The health benefits of affection

There’s nothing quite like the warm fuzzy feeling you get after a hug from a loved one, but did you know that there are a multitude of health benefits of affection?

From decreasing blood pressure and improving stress levels to lowering our cholesterol, affection has profound beneficial effects for our wellbeing.

We dive deep into the science to see what research really says about the health benefits of affection.

Hug for your health

Hugs for health

A good cuddle with a loved one isn’t just beneficial for boosting your bond, it may also lower your blood pressure too.

Researchers have found that women who frequently hug their partner are more likely to have lower blood pressure. It’s thought to be down to a hormone called oxytocin, which plays a pivotal role in childbirth as well as social bonding.

The study, published in Biological Psychology, found that women who frequently hug their partner have higher oxytocin levels than those who hug less often. This in turn is thought to have effects on lowering blood pressure.

Plus, hugs have also been found to protect us from the dangers of stress. One study, published in PLOS One, found that hugs act as a buffer to our negative emotions. People who received a supportive hug after a negative event were less likely to experience negative emotions. It certainly gives new meaning to the idea of ‘hugging it out’!

The benefits of marriage

Marriage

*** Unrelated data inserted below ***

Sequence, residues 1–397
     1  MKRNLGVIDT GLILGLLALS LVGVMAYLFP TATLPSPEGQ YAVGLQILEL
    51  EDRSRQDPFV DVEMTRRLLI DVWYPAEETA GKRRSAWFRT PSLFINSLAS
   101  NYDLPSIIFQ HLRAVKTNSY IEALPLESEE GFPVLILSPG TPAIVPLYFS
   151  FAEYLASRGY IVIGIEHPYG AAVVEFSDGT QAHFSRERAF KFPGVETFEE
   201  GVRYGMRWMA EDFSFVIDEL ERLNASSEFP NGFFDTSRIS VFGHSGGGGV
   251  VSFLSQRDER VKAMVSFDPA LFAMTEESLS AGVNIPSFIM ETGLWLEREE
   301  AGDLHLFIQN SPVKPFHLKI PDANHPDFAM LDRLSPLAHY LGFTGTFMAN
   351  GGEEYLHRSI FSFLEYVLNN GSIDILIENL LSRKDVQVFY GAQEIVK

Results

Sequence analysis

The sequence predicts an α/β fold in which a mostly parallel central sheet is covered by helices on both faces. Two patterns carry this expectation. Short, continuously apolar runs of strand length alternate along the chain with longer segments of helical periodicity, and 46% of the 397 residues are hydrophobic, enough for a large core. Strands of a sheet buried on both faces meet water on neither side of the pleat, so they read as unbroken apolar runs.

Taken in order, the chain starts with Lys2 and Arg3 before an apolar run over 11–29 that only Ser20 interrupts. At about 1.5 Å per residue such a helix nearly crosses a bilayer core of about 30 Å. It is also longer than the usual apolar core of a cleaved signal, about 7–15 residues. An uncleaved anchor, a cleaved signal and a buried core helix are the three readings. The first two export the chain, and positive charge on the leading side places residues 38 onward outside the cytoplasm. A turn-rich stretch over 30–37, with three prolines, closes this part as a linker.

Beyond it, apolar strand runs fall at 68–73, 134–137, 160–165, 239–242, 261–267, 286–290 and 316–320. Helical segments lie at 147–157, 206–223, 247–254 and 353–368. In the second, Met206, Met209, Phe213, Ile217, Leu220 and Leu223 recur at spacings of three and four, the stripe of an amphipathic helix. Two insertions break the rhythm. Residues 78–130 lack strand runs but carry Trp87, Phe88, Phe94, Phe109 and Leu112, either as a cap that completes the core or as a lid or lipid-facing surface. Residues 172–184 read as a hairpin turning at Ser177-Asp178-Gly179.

The traditional view of marriage – ’til death do us part – could have something in it.

A well-established link has been found between mortality rates and married individuals, with married people living longer. What’s more, it’s been suggested that the longer the marriage, the greater this effect is.

Recent research in 2019 further dived into this phenomenon. Published in the Journal of Happiness Studies, researchers found that not just any marriage will do – happiness is key to reaping the beneficial effects of marriage and longevity.

Happily married couples were more likely to live longer than those in unhappy marriages, with those in unhappy marriages experiencing similar – if not worse – longevity than those who had never married or were widowed or divorced.  

While the exact mechanisms of how marriage boosts longevity is something of a mystery, married people are found to have better mental health, fewer health conditions and recover faster from illness. This could be due to spouses helping each other make healthier lifestyle choices or caring for each other in times of poor health.

Kiss your way to wellbeing

A good old smooch can be a lot of fun – but did you know it also has positive effects for our health?

A fascinating study, published in the Western Journal of Communication, instructed couples to increase kissing over a period of six weeks. After the study, couples who kissed more noticed significant decreases in their total cholesterol and perceived stress and were more likely to feel satisfied in their relationship.

Cholesterol is known to be a physiological effect of stress, with the research further supporting kissing’s stress-busting effects.

There’s good news too for bacteria fans – kissing enhances the transfer of bacteria from one person to another. A study, published in Microbiome, found that on average 80 million bacteria are transferred in a kiss lasting 10 seconds. As we know, a diverse microbiome has a beneficial effect on our immune system and overall health. All the more reason to enjoy a kiss or two!

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